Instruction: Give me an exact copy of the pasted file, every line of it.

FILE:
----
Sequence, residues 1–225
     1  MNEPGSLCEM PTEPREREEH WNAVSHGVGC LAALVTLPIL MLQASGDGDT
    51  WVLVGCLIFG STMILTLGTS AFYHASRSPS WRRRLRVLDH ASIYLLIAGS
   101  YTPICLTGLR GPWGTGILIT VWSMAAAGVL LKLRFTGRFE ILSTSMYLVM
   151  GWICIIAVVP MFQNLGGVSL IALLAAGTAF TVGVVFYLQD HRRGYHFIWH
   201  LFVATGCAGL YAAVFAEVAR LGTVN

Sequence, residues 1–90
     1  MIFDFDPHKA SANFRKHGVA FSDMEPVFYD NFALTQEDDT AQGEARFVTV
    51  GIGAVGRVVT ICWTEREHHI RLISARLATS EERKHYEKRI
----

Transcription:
Sequence, residues 1–225
     1  MNEPGSLCEM PTEPREREEH WNAVSHGVGC LAALVTLPIL MLQASGDGDT
    51  WVLVGCLIFG STMILTLGTS AFYHASRSPS WRRRLRVLDH ASIYLLIAGS
   101  YTPICLTGLR GPWGTGILIT VWSMAAAGVL LKLRFTGRFE ILSTSMYLVM
   151  GWICIIAVVP MFQNLGGVSL IALLAAGTAF TVGVVFYLQD HRRGYHFIWH
   201  LFVATGCAGL YAAVFAEVAR LGTVN

Sequence, residues 1–90
     1  MIFDFDPHKA SANFRKHGVA FSDMEPVFYD NFALTQEDDT AQGEARFVTV
    51  GIGAVGRVVT ICWTEREHHI RLISARLATS EERKHYEKRI